Here’s some information from the news organization Oklahoma Watch that should simply astound and shock everyone:
Among the state’s five largest districts, the largest, Oklahoma City Public Schools, provides no sex-education classes to students at any grade level, although the district used to offer a comprehensive program two decades ago.
Here are the obvious solutions to the teenage pregnancy problem here: (1) Establish more comprehensive and required sexual education courses in public schools starting in early grades that continue through high school. (2) Offer students at an appropriate age free contraception, including Plan B and condoms. (3) Ensure women here retain the right to have an abortion. (4) Stop electing politicians who oppose these sensible ideas.
The media coverage of the 4.3-magnitude earthquake that shook central Oklahoma Tuesday was complacent and routine.
That’s probably just what the oil and gas industry wants.
A glance at online reports about the quakes from The Oklahoman, News 9, KOCO/Channel 5 and NewsChannel 4 shows they didn’t even mention how scientists claim the dramatic surge in earthquakes here are caused by the oil and gas drilling process known a hydraulic fracturing or fracking.
The rhetorical structure of how the local media now covers stronger earthquakes has become a pattern: Note the magnitude of the earthquake, quote the impressions of people who felt it and then offer up some video of stuff shaking on the walls, ceilings and shelves.
When a larger, frightening earthquake strikes these days we end up reading quotes like this: “My dad said maybe the good lord was trying to tell someone something, and I said if he was talking to me, I sure got the message.” Here’s another one: “The hummingbird feeder on the front porch was moving and a swing seat on the porch was rattling pretty good.” Colorful, right?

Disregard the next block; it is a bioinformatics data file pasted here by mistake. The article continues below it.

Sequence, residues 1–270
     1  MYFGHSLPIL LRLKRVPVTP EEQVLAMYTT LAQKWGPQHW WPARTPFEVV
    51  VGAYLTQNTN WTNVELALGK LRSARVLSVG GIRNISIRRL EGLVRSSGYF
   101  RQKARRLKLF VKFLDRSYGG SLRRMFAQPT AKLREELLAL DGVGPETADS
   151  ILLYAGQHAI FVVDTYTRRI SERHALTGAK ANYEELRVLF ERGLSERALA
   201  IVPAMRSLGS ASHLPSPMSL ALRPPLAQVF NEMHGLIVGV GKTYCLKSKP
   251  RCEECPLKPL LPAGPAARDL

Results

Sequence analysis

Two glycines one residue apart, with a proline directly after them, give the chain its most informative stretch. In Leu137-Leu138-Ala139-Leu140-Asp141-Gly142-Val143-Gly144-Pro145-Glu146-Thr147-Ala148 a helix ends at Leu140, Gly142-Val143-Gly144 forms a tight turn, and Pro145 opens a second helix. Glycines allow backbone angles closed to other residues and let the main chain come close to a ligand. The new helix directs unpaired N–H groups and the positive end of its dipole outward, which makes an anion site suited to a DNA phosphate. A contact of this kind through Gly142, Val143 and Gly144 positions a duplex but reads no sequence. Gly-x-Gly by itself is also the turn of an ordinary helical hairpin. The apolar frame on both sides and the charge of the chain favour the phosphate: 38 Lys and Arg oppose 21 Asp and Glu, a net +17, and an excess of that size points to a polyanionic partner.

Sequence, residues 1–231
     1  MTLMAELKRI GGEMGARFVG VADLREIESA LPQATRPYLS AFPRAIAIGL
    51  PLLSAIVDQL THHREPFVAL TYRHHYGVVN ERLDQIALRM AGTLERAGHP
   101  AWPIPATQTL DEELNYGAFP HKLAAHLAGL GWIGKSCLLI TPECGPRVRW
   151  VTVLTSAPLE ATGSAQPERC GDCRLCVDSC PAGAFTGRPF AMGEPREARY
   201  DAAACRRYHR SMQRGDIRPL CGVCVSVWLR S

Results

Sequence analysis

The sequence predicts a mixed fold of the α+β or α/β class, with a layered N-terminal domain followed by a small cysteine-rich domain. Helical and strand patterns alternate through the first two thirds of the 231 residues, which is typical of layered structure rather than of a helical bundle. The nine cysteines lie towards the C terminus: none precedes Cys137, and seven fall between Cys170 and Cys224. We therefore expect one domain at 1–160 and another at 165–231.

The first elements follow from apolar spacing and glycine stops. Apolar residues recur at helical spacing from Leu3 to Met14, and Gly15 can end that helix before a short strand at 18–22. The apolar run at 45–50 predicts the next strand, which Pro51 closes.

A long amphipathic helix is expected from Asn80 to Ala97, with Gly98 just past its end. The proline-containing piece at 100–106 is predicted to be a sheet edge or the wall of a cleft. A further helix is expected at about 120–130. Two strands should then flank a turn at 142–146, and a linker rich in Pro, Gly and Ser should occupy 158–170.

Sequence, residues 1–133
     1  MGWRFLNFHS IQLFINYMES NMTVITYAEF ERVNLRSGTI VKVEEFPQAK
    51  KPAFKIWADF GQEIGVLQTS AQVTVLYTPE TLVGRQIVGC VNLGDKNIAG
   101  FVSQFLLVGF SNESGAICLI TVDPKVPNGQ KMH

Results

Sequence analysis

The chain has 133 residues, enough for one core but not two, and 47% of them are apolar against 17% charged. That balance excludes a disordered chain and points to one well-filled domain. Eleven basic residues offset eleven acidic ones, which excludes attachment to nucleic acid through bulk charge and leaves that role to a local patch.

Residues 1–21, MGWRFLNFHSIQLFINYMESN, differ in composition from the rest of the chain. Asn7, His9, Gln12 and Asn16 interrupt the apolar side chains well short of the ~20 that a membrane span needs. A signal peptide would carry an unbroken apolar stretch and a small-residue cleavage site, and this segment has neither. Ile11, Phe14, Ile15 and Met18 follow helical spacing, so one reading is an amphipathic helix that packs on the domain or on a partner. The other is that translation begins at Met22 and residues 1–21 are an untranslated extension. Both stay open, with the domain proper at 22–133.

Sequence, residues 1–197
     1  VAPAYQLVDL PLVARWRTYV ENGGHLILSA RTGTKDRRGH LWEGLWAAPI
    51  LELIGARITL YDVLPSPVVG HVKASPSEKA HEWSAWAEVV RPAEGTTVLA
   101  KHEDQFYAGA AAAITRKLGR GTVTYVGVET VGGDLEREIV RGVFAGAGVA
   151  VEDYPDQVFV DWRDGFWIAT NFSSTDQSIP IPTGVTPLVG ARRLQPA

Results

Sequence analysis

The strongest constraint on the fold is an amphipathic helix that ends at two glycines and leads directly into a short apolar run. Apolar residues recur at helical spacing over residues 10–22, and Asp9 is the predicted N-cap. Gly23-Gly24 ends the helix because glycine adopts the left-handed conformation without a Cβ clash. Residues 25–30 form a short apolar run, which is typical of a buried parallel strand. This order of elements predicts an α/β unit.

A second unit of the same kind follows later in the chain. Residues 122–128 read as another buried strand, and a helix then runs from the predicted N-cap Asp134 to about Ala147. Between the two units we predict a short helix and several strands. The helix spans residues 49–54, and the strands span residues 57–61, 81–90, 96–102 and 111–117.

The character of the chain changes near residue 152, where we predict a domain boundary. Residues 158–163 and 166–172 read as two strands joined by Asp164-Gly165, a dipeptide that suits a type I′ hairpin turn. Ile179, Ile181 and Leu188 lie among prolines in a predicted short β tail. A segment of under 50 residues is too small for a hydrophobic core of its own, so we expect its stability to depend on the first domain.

There’s nothing intrinsically wrong with these standard person-on-the-street statements, of course, but they are presented with a gaping lack of context.
I want to point this out in harsh terms. The local corporate media coverage of our state’s earthquake problem and the problems inherent in fracking is biased and unethical. If and when a major earthquake strikes here causing large-scale damage and bodily harm, the corporate media will be as much to blame as state leaders who have failed to act with urgency to address the state’s obvious earthquake emergency.
Any media outlet reporting on an earthquake here that’s 3.0-magnitude or above should at the very least mention the growing scientific evidence that it was probably caused by disposal wells used in the fracking process. The failure to do so is a cover-up for the oil and gas industry.
So let me reiterate. Fracking is a drilling process in which water laced with chemicals is injected underground into rock formations, releasing oil and gas from crevices or veins. The wastewater is then injected by high pressure into what are called disposal or injection wells. The disposal well process is what scientists believe is causing the hundreds of earthquakes the state has experienced in the last few years.
The numbers are staggering. Here’s just one: Reuters recently reported that there have been 292 earthquakes of a 3.0-magnitude or higher so far this year in Oklahoma, but that was at least a week ago. The number is surely close to 300 or more by now.
There have been some recent developments about growing protests against fracking. I wrote about those developments here.
The corporate media here is undoubtedly dependent on the oil and gas industry for advertising dollars. The oil and gas industry political lobby is large and well funded here and elsewhere and that plays into the media’s complicity as well.